Nitrogen cycling associated with corals and other reef organisms under environmental change
|Authors:||Tilstra, Arjen||Supervisor:||Wild, Christian||1. Expert:||Wild, Christian||2. Expert:||Voolstra, Christian R.||Abstract:||
Nitrogen (N) is a limiting nutrient in highly productive tropical coral reefs, despite its key role for primary production. This requires efficient (re)cycling of N by the dwelling organisms, including the key reef ecosystem engineers, the hard corals. As such, corals evolved symbiotic relationships with eukaryotic and prokaryotic microbes, together called a holobiont, which aid in nutrient acquisition and recycling. The nutrient exchange symbiosis between the coral host and the eukaryotic photosynthetic dinoflagellates of the family Symbiodiniaceae has given corals an ecological advantage over other functional groups such as algae. The Symbiodiniaceae provide the coral host with carbon (C) rich photosynthates, while in return, the Symbiodiniaceae receive N and phosphorus (P). Additionally, diazotrophs, microbes capable of fixing atmospheric dinitrogen (N2), can provide the coral holobiont with bioavailable N. Coral holobionts benefit from low internal availability of N as N-limitation may maintain steady translocation of the photosynthates on which the corals rely. Thus, coral holobionts may be particularly susceptible to increases in (environmental) dissolved inorganic N (DIN) due to e.g. anthropogenic input, or stimulated activity of diazotrophs. As such, corals likely have mechanisms in place for the alleviation of excess N, i.e. denitrification, which may ultimately aid coral functioning.
This thesis aims at extending the current knowledge on biogeochemical cycling of N associated with coral holobionts. Specifically, in addition to N2 fixation, we tested whether the antagonistic N-cycling pathway to N2 fixation, i.e. denitrification, is an active pathway in coral holobionts and whether it is affected by environmental change. In addition, we measured N-cycling pathways associated with other coral reef organisms and substrates under environmental change. This allowed us to make inferences for coral reef functioning when exposed to global and local stressors. We applied a combination of physiological and molecular analyses and used the strong seasonality of the northern and central Red Sea as a natural laboratory.
Our findings reveal that denitrification was actively associated with all investigated coral species. Similar to diazotrophy, denitrification may thus be ubiquitously associated with coral holobionts. Under stable environmental conditions, denitrification and N2 fixation aligned and both N-cycling pathways correlated with Symbiodiniaceae cell densities. Thus, the relationship between denitrification and N2 fixation may be the result of a shared organic C limitation (by translocated photosynthates from the Symbiodiniaceae) within the holobiont. Higher seasonal availability of DIN (leading to higher DIN:dissolved inorganic P [DIP] ratios) dynamically shifted the ratio of denitrifiers and diazotrophs, in favour of the denitrifiers. The proliferation of Symbiodiniaceae suggests incomplete alleviation of excess N by denitrification. Indeed, Symbiodiniaceae cell densities also correlated with environmental DIN availability. In response to moderate in situ eutrophication of DIN and DIP, both N-cycling pathways more than doubled in activity. Surprisingly, the Symbiodiniaceae populations remained stable. In addition, there was no significant incorporation of N originating from the eutrophication event in the Symbiodiniaceae. This suggests that N-limitation was maintained, likely assisted by denitrification. These findings suggest that the dynamic interplay of denitrification and N2 fixation may regulate Symbiodiniaceae populations, but the extent to which they maintain N-limitation may depend on the environmental availability of DIN and DIP.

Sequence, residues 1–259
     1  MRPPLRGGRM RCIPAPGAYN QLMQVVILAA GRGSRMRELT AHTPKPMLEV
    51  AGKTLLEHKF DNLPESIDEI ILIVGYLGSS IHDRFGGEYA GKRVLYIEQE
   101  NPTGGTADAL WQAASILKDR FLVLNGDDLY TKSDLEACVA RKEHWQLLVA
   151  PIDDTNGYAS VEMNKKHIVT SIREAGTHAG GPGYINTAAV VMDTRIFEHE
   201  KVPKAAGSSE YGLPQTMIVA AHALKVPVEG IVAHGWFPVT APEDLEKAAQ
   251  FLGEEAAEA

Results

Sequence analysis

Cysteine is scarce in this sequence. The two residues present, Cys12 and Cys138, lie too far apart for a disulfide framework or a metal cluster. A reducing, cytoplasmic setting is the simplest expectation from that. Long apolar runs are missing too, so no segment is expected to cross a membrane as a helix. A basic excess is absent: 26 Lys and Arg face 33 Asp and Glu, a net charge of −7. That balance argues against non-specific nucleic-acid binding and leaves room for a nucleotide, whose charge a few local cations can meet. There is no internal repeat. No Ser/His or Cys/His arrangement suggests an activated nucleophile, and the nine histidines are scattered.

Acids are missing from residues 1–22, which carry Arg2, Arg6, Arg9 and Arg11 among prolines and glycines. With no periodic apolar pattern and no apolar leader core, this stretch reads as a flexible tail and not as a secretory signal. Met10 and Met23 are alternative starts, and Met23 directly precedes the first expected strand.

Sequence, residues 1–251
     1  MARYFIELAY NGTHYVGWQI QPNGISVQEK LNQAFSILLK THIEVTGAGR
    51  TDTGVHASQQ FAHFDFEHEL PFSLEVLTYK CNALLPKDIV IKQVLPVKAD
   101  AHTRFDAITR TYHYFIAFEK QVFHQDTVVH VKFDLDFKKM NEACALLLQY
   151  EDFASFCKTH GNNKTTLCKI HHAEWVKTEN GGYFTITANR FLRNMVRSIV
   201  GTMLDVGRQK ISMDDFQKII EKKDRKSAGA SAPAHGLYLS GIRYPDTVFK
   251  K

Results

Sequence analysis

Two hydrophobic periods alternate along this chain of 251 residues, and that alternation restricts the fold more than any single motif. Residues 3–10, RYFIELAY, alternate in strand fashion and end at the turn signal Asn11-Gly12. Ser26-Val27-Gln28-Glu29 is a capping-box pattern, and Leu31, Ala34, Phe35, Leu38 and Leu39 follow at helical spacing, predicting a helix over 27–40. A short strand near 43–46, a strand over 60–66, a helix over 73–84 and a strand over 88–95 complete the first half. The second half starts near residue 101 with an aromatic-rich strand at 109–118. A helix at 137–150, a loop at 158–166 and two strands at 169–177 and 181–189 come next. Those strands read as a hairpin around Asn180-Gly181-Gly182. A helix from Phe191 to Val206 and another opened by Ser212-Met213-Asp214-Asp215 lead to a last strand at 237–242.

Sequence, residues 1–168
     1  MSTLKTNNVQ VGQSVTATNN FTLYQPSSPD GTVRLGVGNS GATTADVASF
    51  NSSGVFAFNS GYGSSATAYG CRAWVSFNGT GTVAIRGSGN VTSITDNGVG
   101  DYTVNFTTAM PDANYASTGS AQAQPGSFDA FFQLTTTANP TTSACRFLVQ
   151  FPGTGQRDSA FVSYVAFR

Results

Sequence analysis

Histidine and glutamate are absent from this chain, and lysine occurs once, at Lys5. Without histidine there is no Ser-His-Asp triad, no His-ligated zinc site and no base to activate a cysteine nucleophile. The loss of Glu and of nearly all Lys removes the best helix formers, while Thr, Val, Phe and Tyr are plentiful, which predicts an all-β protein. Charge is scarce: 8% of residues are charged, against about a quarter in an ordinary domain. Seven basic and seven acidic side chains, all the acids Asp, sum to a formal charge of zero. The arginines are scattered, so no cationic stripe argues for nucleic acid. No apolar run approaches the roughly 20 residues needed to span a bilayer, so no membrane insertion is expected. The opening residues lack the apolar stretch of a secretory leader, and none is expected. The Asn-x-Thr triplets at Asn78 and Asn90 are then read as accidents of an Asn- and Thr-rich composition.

By comparing coral holobiont associated N-cycling to other functional groups on coral reefs, we postulate that under local and global stress scenarios, coral holobionts may lose the competition for space to algae as they 1) can strongly capitalize on (anthropogenic) nutrient inputs, 2) have high associated N2 fixation rates that increase in response to ocean warming and moderate N/P eutrophication, and/or 3) have low associated denitrification. Turf algae and coral rubble exhibited ∼100-fold higher N2 fixation rates compared to hard corals. Contrastingly, denitrification rates were as low as those associated with hard corals. Therefore, coral reefs in the process of shifting towards algae dominance may get caught in a positive feedback loop where dead coral (coral rubble) is rapidly overgrown by algae which in return naturally provide the reef with bioavailable N. This may facilitate higher growth rates of reef algae.
Collectively, the results described in this thesis suggest that the interplay of N2 fixation and denitrification associated with coral holobionts may indeed aid in coral functioning by maintaining healthy populations of Symbiodiniaceae. Increased activity of diazotrophs induced by thermal stress, both associated with the coral holobiont and other dwelling organisms, as well as eutrophication of N may ultimately shift the coral holobionts’ internal N:P ratios towards P limitation as denitrifiers may be unable to alleviate excess N. Thus, future management efforts should focus strongly on the local prevention of N eutrophication and the mitigation of global warming.
|Keywords:||Nitrogen cycling; Denitrification; Diazotrophy; Coral holobionts; Environmental change||Issue Date:||2-Jul-2020||DOI:||10.26092/elib/238||URN:||urn:nbn:de:gbv:46-elib44416||Institution:||Universität Bremen||Faculty:||FB02 Biologie/Chemie|
|Appears in Collections:||Dissertationen|
checked on Sep 28, 2020
checked on Sep 28, 2020
This item is licensed under a Creative Commons License